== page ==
Frannie was just six weeks old when someone dumped her off at the Pet Health veterinarian office in Sunnyside.
"Someone left her by a fire hydrant," said Sarah Bull, an assistant at the vet clinic.
Frannie, a pit bull-mix, has come a long way in the month or so since then, and yesterday she traveled by plane to her new home on Camano Island.
Tuesday's take-off from the Sunnyside Airport was made possible by a national organization called Pilots N Paws, which matches volunteer pilots with rescue animals needing transport.
Rebecca Roberts is a local resident who contacted Pilots N Paws because no area shelter would take Frannie with her pit bull mix.
"It's sad that there's a stigma attached to pit bulls. I don't know what all (breeding) she is, but I know she's deserving of a good home," Roberts said.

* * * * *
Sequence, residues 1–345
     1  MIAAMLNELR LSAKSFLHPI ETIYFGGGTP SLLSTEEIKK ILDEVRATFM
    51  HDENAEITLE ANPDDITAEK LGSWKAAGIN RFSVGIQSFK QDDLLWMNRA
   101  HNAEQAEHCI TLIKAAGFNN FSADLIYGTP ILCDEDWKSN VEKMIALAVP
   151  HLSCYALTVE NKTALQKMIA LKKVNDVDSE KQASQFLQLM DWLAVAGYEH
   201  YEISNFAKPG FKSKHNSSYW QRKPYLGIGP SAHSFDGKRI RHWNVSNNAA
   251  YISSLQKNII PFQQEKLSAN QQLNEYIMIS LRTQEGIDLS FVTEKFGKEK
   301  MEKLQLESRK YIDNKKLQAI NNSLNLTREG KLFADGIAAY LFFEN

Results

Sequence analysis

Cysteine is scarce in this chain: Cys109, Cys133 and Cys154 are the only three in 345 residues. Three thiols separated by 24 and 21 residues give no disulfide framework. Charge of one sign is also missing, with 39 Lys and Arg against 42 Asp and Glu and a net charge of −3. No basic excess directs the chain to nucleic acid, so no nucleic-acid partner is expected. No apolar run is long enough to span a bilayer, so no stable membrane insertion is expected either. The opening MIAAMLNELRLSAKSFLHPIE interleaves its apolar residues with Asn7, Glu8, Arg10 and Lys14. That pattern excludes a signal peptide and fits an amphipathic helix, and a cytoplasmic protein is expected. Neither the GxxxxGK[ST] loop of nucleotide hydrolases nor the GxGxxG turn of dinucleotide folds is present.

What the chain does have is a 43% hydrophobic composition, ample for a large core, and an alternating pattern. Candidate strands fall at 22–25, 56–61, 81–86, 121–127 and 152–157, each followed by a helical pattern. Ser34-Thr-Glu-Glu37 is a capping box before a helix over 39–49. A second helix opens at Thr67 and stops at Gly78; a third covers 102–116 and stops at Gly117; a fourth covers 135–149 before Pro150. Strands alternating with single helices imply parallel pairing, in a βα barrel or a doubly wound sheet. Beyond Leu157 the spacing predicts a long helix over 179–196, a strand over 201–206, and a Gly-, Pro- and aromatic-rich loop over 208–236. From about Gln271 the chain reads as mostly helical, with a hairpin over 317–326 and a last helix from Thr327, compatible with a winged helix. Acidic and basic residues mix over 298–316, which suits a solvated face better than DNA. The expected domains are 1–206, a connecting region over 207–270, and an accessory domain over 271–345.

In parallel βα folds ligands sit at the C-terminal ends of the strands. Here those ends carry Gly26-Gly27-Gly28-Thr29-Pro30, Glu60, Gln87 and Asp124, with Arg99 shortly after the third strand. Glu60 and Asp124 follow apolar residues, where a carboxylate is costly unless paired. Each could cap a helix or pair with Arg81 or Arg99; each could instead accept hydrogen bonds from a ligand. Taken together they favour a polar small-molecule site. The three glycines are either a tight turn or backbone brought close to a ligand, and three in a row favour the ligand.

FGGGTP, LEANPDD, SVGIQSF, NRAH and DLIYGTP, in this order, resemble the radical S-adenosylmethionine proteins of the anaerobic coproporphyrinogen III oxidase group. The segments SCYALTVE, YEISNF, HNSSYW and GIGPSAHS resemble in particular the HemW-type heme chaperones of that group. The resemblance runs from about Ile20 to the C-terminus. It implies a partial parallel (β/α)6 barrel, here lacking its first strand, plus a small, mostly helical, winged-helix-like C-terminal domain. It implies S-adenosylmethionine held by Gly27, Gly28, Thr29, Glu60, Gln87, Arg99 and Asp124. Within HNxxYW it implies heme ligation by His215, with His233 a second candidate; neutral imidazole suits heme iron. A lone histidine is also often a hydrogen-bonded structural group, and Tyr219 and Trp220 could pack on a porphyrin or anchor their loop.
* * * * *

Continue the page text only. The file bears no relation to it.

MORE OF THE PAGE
Roberts found a Camano Island shelter that would take Frannie, a friendly brown pup with white paws and a white-tipped tail.
That led to a contact with Pilots N Paws.
Roberts says this is the second dog this year that she has helped literally fly away home thanks to Pilots N Paws.
For volunteer pilot Bruce Williams of Seattle, flying Frannie is a pleasure. The Pilots N Paws flyer just a week ago took an abandoned pup from Boise, Idaho to a shelter in Oregon.
He noted FAA standards require at least three take-offs and landings every 90 days in order for him to stay current as a pilot and flight instructor.
Pilots, he smiles, often joke about "$100 lunches," flying somewhere for a burger to help meet the take-off and landing requirement.
He says meeting those requirements with a needy animal in tow is much more rewarding.
"I love dogs and cats and I might as well do some good in the process," Williams said.